If you are looking for a cheap yet fast and capable DVD-burner the LiteOn SOHW-812S will not dissapoint you. With a write speed at 8X for both DVD-R and DVD+R you will be burning your movies and data in no time.
Isnt it amazing to look where we are today with optical storage? It was not long ago when my Philips 2x CDRW drive was hot, and the true proof of what a hardware geek I was. True, it took 30 minutes to burn a CD, and if you sneezed at the computer while it was burning, you got a coaster, but so what? I could burn baby burn! Today, Im testing a DVD-burner from LiteOn that can burn 4.7 GB in about 10 minutes, do it in almost all of the available formats and wont care if you do the flamenco on the keyboard while it is burning. Progress amazing, isn’t it?
FEATURES AND SPECIFICATIONS
The drive I am testing today is the LiteOn SOHW-812S, an 8x Dual-DVD burner. It is neither a Dual-Layer burner nor the fastest DVD±RW burner out there, but it is still both fast and even more important a pretty inexpensive burner.
Lets take a look at the specifications:
|DVD+R Write Speeds||8x (10800KB/sec) maximum by Z-CLV|
|DVD+RW Write Speeds||4x (5400KB/sec) by CLV|
|DVD-R Write Speeds||8x (10800KB/sec) maximum by Z-CLV|
|DVD-RW Write Speeds||4x (5400KB/sec) by CLV|
|DVD Read Speeds||Up to 12X|
|CD-R Write Speeds||40x (6000KB/sec) maximum by P-CAV|
|CD-RW Write Speeds||24x (3600KB/sec) maximum by Z-CLV in UltraSpeed disc|
|CD Read Speeds||40x (6000KB/sec) maximum by CAV|
|Access Times||DVD: 120 ms
CD: 120 ms
Lets look what Nero InfoTool says about the drive:
As you can see, the drive supports most stuff except a few exceptions. Theres no support for DVD-RAM, no support for DVD+R DL (Dual Layer) and no support for Mount Rainier. The last item is the biggest surprise for me since I thought all new drives these days would support it. If you have never heard about it, check this link out where it is explained: http://www.mt-rainier.org/. I was also surprised that regardless of which media I had in the drive, it always said that 8x was the fastest read speed.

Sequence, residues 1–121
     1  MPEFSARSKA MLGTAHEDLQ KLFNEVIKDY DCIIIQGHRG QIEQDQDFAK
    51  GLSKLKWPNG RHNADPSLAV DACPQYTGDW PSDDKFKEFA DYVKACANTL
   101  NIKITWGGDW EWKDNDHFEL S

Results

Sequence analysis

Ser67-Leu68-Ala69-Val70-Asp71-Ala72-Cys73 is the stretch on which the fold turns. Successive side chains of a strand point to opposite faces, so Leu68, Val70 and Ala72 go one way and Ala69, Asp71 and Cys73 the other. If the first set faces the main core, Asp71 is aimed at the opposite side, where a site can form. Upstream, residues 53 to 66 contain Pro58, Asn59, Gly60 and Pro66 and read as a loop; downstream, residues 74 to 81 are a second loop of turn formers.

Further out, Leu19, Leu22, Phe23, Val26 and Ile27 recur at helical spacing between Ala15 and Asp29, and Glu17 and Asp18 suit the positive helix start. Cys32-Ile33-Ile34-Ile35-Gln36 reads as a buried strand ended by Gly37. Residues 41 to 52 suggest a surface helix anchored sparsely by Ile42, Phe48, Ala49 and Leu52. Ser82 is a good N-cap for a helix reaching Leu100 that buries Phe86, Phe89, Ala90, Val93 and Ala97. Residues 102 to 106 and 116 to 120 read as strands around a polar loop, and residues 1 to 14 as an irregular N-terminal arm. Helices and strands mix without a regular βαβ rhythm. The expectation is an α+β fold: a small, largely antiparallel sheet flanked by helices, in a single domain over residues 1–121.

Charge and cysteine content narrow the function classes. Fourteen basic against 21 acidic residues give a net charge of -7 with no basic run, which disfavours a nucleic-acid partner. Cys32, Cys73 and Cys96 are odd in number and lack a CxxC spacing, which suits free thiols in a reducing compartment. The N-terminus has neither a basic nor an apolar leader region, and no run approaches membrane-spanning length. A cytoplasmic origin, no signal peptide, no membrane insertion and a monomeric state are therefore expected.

ATAPI / E-IDE Half-Height internal DVD+R / DVD+RW / DVD-R / DVD-RW / DVD-ROM / CD-R / CD-RW / CD-ROM combination drive
SMART-BURN avoiding Buffer Underrun Error, Automatically adjusting writing strategy & running OPC to provide the best burning quality
SMART-X function adjusts CD-DA / VCD / DVD data extraction to a fastest allowable speed according to both data request rate from host and disk quality
VAS® system reduce vibration and noise during recording and reading
Support Fixed Packet, Variable Packet, TAO, SAO, DAO, Raw Mode Burning & Over-Burn
DVD read compliant : DVD single / dual layer ( PTP / OTP ), DVD-R ( 3.9 GB / 4.7 GB ), DVD-R multi-borders, DVD+R, DVD+R multi-sessions, DVD-RW, and DVD+RW
CD read compliant : CD-DA, CD-ROM, CD-ROM / XA, Photo-CD, Multi-session, Karaoke-CD, Video-CD, CD-I FMV, CD Extra, CD Plus, CD-R, and CD-RW
Support both 8 cm and 12 cm disc of CD and DVD family
Conform to Orange Book : Part 2 CD-R Volume 1, Part 2 CD-R Volume 2 Multi Speed, Part 3 CD-RW Volume 1 ( 1x, 2x, and 4x ), Part 3 CD-RW Volume 2 : High Speed, Part 3 CD-RW Volume 3 : Ultra Speed
In the retail-package you get:
One 8x DVD+R disc and one 4x DVD-R disc, both LiteOn branded.
4 mounting screws
Power DVD XP 4.0
User guide as well as Quick installation guide.
I guess the only thing I am missing is a rewritable DVD.
Installing the LiteOn drive was easy. It is actually a bit shorter than other drives Ive had, something which should be very useful in SFF systems. The included quick guide is excellent and should make it easy for anyone to install the drive.
The LiteOn is a few centimeters shorter
than the old Sony DVD-RW drive
Theory is one thing, but how fast is this drive really? To answer this question, I did various read and write tests with a variety of media.
Test System Configuration:
- AMD Athlon 64 3000+
- AOpen AK86-L Via K8T800 Motherboard
- 1024 MB PC3200 DDR
- 120 GB Maxtor SATA, 80 GB Maxtor IDE, 60 GB Hitachi IDE
- Creative Audigy 2 ZS
- Traxdata 8x DVD+R
- Verbatim 8x DVD-R
- Verbatim 8x DVD+R
- Platinum 8x DVD+R
- TDK 4x DVD+RW
- Noname 48x CD-R
- LOTR-TT (Lord of the Rings: The Two Towers) DVD 1
- Far Cry DVD
The first write tests were done with Neros CD-DVD Speed 3.01. In addition to this utility, I also burned 2 DVDs with ~4 GB of files both with Nero Burning Rom and the included program MyDVD.
To test the performance of the drive while writing to a disc, I used CD-DVD Speeds built in Create Disc test. This writes 4.7 GB of files ranging from 2 KB to 7 MB to the disc (or 650 MB if it is a CD).
Traxdata 8x DVD+R
Im actually a bit confused by CD-DVD Speed here. It says the drive uses P-CAV (Partial Constant Angular Velocity), but the graph clearly shows that the drive is using Z-CLV (Zoned Constant Linear Velocity) for this disc. The average write speed is 7.16X, which isnt far off the max 8X it supports.